Quit Making Empty Promises

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In the midst of an especially crazy day . . . or week . . . or month . . . many a leader has promised him or herself (and likely a bevy of followers) that once we reach X-milestone, things will calm down . . . if you can just make it to Y, things will even out and get easier . . . once we finish the Z initiative, we’ll have a chance to catch our breath. While those promises to yourself and others may be uttered with the best of intentions, in reality they only lead to a greater sense of frustration and exhaustion.

Why? Because the calm . . . an easier pace . . . down time, is not going to just magically happen. When the current project concludes, there will be three more to take its place — projects that you as the leader probably initiated! At the recent Global Leadership Summit author and speaker Danielle Strickland noted that, “There is no changing the future without disrupting the present.” Read that line again. Isn’t that what we are about as leaders — changing the future for our organizations, or those things we are most passionate about?

If disrupting the present is the means to achieve our goal (and when you see it in black and white, it really is hard to deny the truth of that statement) then saying “just hang on until . . .” quickly becomes an empty promise. And an empty promise is one of the quickest ways to suck the energy out of an effort, regardless of how important the project may be. So how can a leader keep themselves, and their team, motivated in the midst of what may feel like ever-increasing demands?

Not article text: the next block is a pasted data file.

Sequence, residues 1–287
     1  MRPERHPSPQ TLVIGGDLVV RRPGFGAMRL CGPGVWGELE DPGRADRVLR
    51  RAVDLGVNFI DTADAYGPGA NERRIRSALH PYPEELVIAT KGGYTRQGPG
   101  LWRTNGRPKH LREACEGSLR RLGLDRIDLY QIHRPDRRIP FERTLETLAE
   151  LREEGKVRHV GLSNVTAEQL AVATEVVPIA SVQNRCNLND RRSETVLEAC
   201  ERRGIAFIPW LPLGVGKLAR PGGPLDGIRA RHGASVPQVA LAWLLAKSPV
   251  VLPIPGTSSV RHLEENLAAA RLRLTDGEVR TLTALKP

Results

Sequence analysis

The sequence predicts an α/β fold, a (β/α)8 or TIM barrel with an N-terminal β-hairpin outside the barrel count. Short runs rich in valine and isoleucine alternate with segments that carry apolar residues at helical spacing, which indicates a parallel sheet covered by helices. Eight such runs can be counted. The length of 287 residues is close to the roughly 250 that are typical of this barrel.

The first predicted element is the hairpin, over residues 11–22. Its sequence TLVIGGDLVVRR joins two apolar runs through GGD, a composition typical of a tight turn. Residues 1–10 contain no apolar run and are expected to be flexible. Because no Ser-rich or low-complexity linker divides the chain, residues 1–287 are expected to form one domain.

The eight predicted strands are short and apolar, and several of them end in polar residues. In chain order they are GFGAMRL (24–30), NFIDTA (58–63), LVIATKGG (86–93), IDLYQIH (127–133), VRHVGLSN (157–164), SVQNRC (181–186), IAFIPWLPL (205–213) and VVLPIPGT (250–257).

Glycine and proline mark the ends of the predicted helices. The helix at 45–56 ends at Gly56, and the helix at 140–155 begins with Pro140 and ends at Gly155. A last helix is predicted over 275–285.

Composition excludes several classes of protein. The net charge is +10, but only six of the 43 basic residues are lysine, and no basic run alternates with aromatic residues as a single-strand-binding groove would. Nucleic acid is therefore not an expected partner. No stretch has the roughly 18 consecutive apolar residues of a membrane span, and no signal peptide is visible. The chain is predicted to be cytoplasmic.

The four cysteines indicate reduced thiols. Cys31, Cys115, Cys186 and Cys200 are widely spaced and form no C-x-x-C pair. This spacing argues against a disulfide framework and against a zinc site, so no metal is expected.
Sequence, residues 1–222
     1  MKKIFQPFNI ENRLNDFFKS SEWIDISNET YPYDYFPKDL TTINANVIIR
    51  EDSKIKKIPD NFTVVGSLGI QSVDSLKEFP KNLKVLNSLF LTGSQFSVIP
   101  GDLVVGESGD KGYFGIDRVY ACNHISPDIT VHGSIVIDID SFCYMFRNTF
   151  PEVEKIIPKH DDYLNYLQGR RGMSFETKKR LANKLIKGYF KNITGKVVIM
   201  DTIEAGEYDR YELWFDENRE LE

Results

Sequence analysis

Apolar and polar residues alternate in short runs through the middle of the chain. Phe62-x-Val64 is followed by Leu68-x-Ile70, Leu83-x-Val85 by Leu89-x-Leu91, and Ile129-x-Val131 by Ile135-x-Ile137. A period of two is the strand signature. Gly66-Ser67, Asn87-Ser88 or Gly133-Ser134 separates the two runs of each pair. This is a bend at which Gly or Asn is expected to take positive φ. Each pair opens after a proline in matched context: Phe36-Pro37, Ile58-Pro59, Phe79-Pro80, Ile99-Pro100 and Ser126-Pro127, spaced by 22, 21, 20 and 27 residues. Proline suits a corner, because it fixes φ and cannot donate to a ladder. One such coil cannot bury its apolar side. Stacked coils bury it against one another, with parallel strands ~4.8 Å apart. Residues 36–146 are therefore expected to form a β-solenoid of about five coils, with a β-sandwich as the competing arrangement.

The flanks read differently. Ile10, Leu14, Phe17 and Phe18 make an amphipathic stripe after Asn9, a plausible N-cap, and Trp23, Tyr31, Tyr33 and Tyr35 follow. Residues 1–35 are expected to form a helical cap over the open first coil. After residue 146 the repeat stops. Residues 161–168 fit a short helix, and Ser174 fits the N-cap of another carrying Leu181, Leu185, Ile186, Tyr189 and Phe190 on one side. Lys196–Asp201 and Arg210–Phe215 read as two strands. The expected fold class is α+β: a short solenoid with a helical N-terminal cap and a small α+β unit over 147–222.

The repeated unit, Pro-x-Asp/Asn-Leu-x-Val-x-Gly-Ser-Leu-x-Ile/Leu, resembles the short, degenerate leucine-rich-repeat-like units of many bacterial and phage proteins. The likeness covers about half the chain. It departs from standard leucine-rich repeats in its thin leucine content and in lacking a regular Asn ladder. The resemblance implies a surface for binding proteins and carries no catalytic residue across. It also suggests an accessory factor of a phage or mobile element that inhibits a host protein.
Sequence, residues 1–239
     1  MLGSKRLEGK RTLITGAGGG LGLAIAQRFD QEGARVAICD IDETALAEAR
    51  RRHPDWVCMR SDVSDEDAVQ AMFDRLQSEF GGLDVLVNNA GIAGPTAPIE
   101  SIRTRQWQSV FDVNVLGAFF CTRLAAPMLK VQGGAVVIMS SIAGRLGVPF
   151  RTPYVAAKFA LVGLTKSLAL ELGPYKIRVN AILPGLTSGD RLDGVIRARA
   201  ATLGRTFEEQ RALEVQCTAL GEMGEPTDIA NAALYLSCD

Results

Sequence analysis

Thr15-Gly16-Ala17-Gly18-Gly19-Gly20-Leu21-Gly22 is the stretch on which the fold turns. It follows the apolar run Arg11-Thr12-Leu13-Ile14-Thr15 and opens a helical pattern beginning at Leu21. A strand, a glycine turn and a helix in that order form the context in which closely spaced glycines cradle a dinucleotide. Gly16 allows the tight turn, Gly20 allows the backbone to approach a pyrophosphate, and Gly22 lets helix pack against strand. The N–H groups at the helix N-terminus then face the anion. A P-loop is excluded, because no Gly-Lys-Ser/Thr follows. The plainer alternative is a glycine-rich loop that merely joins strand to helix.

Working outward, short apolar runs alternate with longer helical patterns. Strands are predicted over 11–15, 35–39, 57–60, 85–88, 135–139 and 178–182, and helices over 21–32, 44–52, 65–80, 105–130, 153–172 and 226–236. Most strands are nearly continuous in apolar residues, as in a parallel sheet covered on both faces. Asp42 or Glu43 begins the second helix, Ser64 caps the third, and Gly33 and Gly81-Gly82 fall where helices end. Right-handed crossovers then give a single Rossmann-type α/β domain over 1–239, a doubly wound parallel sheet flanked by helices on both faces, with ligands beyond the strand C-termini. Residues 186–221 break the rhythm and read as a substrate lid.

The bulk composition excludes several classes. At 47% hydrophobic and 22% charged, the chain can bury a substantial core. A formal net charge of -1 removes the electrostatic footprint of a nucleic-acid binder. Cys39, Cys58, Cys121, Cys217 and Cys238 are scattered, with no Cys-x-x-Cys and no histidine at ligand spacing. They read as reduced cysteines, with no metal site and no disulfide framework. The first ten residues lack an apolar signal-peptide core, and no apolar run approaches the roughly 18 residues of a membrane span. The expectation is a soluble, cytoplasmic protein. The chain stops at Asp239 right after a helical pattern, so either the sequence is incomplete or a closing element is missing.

• Acknowledge that disruption is not episodic.

It is the path required to get to a goal that you care about. Don’t set yourself or your people up for disappointment by thinking you just have to “get through it.” Disruption is an on-going means to an end, rather than a singular unpleasant experience.

  • Shift your focus to “within” not “after”.

How can you find some measure of balance, identifying opportunities to recharge your batteries, in the midstof the disruption rather than thinking those things will suddenly become easier after you reach some mythical milestone? If disruption is the new normal, then you need to model how to thrive within such an environment, not just sputter your way through looking for a finish line.

  • Reframe disruption as progress.

The definition of disruption is “disturbance or problem which interrupts an event, activity or process.” That feels bad. The definition of progress is “forward or onward movement toward a destination.” That feels good. ( . . .even if that movement interrupts an event, activity or process . . .) How you view a situation makes all the difference.

Want to change the future? Quit making empty promises.

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